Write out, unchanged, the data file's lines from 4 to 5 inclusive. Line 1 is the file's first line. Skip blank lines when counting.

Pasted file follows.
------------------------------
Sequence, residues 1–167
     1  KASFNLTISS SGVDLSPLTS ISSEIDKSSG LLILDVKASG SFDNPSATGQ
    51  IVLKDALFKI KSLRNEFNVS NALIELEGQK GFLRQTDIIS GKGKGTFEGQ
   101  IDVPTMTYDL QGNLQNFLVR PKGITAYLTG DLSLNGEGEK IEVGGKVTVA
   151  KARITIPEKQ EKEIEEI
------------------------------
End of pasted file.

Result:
   101  IDVPTMTYDL QGNLQNFLVR PKGITAYLTG DLSLNGEGEK IEVGGKVTVA
   151  KARITIPEKQ EKEIEEI